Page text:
Dear Commons Community,
Completing someone else’s thought is not an easy trick for artificial intelligence but new systems are emerging to crack the code of natural language. The New York Times this morning has an article on Google’s unveiling of a system called Bert that signifies a new development in artificial intelligence. Over the past several months, Bert researchers have been showing that computer systems can learn the vagaries of language in general ways and then apply what they have learned to a variety of specific tasks. Systems like Bert have the potential to improve technology such as digital assistants like Alexa and Google Home as well as software that automatically analyzes documents inside law firms, hospitals, banks and other businesses. Below is the full article.
Another small but important step for A.I.!
New York Times
Finally, A Machine That Can Finish Your Sentence
November 19, 2018
By Cade Metz
In August, researchers from the Allen Institute for Artificial Intelligence, a lab based in Seattle, unveiled an English test for computers. It examined whether machines could complete sentences like this one:
On stage, a woman takes a seat at the piano. She
- a) sits on a bench as her sister plays with the doll.
- b) smiles with someone as the music plays.
- c) is in the crowd, watching the dancers.
- d) nervously sets her fingers on the keys.
For you, that would be an easy question. But for a computer, it was pretty hard. While humans answered more than 88 percent of the test questions correctly, the lab’s A.I. systems hovered around 60 percent. Among experts — those who know just how difficult it is to build systems that understand natural language — that was an impressive number.
Then, two months later, a team of Google researchers unveiled a system called Bert. Its improved technology answered those questions just as well as humans did — and it was not even designed to take the test.
Bert’s arrival punctuated a significant development in artificial intelligence. Over the last several months, researchers have shown that computer systems can learn the vagaries of language in general ways and then apply what they have learned to a variety of specific tasks.
Built in quick succession by several independent research organizations, including Google and the Allen Institute, these systems could improve technology as diverse as digital assistants like Alexa and Google Home as well as software that automatically analyzes documents inside law firms, hospitals, banks and other businesses.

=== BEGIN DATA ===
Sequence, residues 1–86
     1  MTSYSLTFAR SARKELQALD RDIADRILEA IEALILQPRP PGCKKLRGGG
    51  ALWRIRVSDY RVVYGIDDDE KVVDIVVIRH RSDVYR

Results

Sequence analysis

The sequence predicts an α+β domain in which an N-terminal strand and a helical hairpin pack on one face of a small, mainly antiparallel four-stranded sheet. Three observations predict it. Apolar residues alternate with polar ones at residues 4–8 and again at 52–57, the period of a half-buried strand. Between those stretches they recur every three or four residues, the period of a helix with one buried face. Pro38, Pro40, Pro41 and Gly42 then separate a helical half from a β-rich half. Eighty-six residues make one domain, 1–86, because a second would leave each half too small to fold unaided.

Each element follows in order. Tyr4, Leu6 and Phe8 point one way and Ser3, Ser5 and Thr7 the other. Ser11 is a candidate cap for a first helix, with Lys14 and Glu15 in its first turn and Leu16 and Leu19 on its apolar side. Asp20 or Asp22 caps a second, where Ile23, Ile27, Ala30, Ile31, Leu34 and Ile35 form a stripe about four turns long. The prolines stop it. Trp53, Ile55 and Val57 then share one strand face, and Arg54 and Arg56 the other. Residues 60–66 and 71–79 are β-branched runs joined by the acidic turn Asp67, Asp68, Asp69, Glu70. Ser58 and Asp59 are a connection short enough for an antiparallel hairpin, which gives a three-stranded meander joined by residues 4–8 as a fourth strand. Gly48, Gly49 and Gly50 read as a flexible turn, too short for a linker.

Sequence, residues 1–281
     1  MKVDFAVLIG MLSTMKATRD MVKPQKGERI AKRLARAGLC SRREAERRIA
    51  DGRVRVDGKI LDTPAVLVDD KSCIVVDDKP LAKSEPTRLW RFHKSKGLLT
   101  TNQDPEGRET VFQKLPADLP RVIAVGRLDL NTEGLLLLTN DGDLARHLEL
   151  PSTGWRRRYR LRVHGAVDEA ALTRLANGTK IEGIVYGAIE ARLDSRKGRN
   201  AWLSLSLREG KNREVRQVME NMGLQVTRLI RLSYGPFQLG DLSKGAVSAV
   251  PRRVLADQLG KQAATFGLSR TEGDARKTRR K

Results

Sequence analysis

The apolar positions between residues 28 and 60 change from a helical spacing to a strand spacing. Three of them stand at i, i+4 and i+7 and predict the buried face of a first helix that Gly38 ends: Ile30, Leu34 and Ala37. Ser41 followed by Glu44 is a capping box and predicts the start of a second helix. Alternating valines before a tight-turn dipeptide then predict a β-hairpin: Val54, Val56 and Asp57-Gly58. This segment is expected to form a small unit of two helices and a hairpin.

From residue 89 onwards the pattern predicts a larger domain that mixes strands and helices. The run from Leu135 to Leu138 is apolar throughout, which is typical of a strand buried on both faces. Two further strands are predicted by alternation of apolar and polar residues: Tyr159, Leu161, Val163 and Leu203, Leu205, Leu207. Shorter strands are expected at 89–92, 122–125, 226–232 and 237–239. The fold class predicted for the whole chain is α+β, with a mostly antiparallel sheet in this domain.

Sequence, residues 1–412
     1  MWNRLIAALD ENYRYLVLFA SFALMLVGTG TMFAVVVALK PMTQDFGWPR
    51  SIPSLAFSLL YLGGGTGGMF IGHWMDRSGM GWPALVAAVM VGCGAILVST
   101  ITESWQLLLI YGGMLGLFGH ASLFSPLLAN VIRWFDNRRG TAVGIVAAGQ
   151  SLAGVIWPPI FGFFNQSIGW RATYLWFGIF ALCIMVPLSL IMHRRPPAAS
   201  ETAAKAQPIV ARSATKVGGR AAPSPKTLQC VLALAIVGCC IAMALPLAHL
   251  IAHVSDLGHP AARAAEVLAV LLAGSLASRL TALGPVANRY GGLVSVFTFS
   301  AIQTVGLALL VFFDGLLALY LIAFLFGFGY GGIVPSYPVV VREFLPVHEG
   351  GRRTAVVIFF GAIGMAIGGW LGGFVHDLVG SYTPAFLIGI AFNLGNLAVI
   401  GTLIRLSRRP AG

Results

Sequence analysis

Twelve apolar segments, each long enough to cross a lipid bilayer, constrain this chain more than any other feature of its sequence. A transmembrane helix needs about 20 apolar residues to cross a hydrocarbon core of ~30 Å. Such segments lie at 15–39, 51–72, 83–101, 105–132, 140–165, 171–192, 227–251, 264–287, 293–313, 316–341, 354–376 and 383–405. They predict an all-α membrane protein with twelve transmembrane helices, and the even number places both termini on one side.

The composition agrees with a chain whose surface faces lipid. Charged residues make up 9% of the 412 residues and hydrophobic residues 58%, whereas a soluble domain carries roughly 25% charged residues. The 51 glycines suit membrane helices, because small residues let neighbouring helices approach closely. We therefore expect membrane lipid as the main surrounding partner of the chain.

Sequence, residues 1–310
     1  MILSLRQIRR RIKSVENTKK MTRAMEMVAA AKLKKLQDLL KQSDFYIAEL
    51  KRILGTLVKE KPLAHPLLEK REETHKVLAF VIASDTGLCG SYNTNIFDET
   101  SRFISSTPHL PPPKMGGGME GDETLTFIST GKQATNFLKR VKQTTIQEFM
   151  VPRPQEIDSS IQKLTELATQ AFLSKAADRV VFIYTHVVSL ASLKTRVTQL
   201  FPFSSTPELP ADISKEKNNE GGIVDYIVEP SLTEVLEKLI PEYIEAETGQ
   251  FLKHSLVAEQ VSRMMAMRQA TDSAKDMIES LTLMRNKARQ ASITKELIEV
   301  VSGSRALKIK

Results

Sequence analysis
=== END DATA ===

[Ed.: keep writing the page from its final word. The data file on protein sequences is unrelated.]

“Each time we build new ways of doing something close to human level, it allows us to automate or augment human labor,” said Jeremy Howard, the founder of Fast.ai, an independent lab based in San Francisco that is among those at the forefront of this research. “This can make life easier for a lawyer or a paralegal. But it can also help with medicine.”
It may even lead to technology that can — finally — carry on a decent conversation.
But there is a downside: On social media services like Twitter, this new research could also lead to more convincing bots designed to fool us into thinking they are human, Mr. Howard said.
Researchers have already shown that rapidly improving A.I. techniques can facilitate the creation of fake images that look real. As these kinds of technologies move into the language field as well, Mr. Howard said, we may need to be more skeptical than ever about what we encounter online.
These new language systems learn by analyzing millions of sentences written by humans. A system built by OpenAI, a lab based in San Francisco, analyzed thousands of self-published books, including romance novels, science fiction and more. Google’s Bert analyzed these same books plus the length and breadth of Wikipedia.
Each system learned a particular skill by analyzing all that text. OpenAI’s technology learned to guess the next word in a sentence. Bert learned to guess missing words anywhere in a sentence. But in mastering these specific tasks, they also learned about how language is pieced together.